San José, Costa Rica, since 1956
Drones

Local businesses swat at new regulations, fees for drones

When Matt Damon vacationed in Costa Rica last July, a selfie from a drone-mounted camera appeared on the Facebook page of “The Martian” on the beach in Santa Teresa. But after the Civil Aviation Authority announced its new regulations for unmanned aerial vehicles in Costa Rica, some businesses that use drones here are worried that only a visiting Hollywood star will have the money for their services.

The Civil Aviation Authority announced that it would start regulating unmanned aerial vehicles here by the end of the year. The new rules might have trouble getting off the ground though, including one provision that would require businesses to pay more than $1,800 to use them here.

The rules extended to drones are based on those for model airplanes that were released on May 8. The directive bans flying:

  • Within 8 kilometers of an airport
  • Higher than 400 feet
  • Any UAV that weighs more than 25 kg
  • Out of eyesight of the operator
  • In restricted airspace, including protected land, Casa Presidencial, penitentiaries
  • In a way that violates someone’s privacy

Drawing a parallel with legal requirements for driving a car, the Civil Aviation Authority said that both private citizens and business would need:

  • A $94 UAV license obtained after completing 40 hours of training, including 10 hours of flight time, at a flight school, UAV vendor or fabricator accredited by the Civil Aviation Authority.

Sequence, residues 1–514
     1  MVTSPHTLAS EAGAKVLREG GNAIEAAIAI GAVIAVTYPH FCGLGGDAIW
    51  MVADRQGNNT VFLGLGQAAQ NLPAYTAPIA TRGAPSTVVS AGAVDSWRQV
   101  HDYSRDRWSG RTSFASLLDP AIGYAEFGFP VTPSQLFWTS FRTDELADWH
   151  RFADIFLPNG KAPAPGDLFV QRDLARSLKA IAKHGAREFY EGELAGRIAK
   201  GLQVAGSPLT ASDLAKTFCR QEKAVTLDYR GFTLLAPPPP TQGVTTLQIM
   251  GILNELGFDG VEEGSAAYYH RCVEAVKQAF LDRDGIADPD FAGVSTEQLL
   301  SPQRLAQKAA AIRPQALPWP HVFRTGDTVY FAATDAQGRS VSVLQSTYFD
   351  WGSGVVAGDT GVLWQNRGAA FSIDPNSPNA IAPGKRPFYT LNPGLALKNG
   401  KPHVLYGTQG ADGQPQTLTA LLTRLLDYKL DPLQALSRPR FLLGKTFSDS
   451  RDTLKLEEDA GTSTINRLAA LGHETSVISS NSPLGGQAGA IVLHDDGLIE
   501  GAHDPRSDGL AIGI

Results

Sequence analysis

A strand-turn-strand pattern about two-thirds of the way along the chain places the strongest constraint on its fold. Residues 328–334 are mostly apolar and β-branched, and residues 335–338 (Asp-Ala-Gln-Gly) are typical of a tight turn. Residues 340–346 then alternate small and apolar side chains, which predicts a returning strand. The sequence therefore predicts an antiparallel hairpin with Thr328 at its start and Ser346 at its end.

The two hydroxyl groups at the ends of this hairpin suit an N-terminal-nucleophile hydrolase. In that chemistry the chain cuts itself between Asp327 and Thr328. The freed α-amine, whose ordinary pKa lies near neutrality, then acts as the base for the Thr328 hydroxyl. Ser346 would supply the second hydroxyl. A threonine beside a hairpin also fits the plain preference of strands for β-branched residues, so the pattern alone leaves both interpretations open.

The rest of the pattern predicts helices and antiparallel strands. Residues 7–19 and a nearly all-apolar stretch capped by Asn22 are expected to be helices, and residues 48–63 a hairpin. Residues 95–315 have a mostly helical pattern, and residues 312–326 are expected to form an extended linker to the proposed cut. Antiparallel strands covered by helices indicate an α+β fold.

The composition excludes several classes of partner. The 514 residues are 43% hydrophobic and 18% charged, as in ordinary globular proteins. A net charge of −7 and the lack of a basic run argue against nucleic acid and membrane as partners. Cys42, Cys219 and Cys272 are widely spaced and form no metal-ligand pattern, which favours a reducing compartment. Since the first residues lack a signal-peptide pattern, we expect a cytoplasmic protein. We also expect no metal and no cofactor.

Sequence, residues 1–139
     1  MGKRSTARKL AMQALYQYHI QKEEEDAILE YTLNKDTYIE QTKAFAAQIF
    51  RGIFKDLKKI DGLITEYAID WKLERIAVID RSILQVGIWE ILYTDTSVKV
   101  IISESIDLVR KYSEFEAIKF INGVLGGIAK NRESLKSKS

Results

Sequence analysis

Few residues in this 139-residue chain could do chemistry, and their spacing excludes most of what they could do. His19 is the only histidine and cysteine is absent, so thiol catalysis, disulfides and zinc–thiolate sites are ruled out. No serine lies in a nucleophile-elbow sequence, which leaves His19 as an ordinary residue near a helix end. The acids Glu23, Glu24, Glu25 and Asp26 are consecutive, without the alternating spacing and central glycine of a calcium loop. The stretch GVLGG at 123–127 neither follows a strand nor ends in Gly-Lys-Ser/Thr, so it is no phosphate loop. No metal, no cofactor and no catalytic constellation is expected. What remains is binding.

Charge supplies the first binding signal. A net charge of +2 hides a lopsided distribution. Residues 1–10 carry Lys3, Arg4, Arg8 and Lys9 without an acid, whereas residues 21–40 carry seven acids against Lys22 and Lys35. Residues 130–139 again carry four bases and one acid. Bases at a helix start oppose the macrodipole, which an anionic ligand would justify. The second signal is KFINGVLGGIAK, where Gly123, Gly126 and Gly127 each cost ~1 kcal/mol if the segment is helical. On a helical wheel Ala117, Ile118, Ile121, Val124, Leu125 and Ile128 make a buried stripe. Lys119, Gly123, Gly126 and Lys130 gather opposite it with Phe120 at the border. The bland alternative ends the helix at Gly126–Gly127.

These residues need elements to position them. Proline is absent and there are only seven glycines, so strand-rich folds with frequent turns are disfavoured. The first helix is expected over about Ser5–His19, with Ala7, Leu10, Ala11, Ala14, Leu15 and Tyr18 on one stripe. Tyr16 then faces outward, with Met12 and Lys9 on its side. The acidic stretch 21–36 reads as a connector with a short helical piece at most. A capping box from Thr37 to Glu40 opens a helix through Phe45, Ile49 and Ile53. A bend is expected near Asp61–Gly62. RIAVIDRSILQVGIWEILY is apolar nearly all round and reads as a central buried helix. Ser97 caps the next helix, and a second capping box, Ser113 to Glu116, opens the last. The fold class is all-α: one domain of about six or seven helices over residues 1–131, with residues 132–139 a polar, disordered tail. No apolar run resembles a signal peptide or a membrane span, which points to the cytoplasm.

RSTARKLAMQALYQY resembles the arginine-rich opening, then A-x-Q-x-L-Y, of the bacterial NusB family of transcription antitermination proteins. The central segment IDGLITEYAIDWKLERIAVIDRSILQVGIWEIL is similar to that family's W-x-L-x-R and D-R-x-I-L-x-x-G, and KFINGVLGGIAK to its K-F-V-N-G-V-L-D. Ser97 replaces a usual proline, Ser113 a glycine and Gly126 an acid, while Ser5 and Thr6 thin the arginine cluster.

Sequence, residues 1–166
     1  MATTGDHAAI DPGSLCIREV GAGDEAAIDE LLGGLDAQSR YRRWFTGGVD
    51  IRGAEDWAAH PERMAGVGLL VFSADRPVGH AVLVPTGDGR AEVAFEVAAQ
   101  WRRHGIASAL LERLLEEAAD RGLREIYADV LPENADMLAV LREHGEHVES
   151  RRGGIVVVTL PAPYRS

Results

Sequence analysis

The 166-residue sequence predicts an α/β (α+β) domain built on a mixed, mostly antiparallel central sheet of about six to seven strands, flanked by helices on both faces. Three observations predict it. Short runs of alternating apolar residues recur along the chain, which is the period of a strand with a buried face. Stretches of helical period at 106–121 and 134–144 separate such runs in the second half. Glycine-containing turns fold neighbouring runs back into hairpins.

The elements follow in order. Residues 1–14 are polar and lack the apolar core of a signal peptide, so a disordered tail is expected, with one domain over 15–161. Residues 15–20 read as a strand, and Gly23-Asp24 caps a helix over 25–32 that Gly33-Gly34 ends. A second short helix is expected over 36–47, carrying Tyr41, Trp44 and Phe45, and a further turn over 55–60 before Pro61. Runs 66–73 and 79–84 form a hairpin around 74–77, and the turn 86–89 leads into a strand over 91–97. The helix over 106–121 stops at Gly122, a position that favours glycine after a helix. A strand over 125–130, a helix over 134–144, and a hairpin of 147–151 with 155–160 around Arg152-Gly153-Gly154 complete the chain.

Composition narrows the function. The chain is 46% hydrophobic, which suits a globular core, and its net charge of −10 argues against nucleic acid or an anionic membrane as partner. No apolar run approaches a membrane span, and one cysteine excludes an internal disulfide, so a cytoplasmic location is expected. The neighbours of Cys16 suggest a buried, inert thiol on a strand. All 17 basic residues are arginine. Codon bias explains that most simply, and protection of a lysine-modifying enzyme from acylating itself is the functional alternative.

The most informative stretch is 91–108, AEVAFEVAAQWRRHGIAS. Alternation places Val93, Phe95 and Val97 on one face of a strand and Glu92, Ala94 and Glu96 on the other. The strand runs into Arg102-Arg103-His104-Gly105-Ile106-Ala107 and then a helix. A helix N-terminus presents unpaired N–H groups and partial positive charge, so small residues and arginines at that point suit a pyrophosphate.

• To request permission to fly via the Civil Aviation Authority website (www.dgac.go.cr, in Spanish). Permission would be granted based on a risk assessment of the area and the number of people present.
  • A plate identifying the aircraft.
  • Insurance.

Any business that uses a drone for commercial purposes would need to pay an additional $1,874.02 certification fee. The fee would have to be paid once per individual or business. There is no limit for the number of drones that can be operated under the certification. The certification fee is hefty considering that drones can be bought for less than $100.

That nearly $2,000 fee has some businesses that use drones concerned that these regulations will drive up their costs. Andres Echeverría, one of the founders of The Drone Xperience — the Costa Rican-Mexican company that accompanied Matt Damon at the beach last July — said the fees are exorbitant.

“I don’t know if they think this is a multi-million dollar business, but these regulations are driving up our costs and they’re not viable for us or our clients,” Echeverría said. “We’ll have to raise our prices ridiculously high and unnecessarily.”

Echeverría’s company focuses on aerial photography and video for architectural clients and entertainment events, but he said that many companies use drones to supplement their core business. He said that he is consulting lawyers to challenge the regulations. Echeverría said he agreed that UAVs should be regulated, but he opposes the directive. “This is going to kill the market,” he said.

Firefighters, police, and scientific research are among the categories exempt from the certification fee.

Even if the rules as they are written go into effect, enforcement will be a challenge for the government. Federico Chavarría of the Civil Aviation Technical Commission said that the Civil Aviation Authority does not have the resources to actively police drone use in Costa Rica. He mentioned the possibility of a radar system that could track drones but authorities would depend on the public to report unauthorized UAVs.

Chavarría said the rules could be changed going forward.

“This is a totally new area for us,” he told reporters during a news conference on Thursday.

Costa Rica’s rules follow other regulations in Guatemala, Chile and Argentina, among other Latin American countries. The Federal Aviation Administration is mulling over UAV regulations for the United States.

Contact Zach Dyer at zdyer@ticotimes.net

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MJ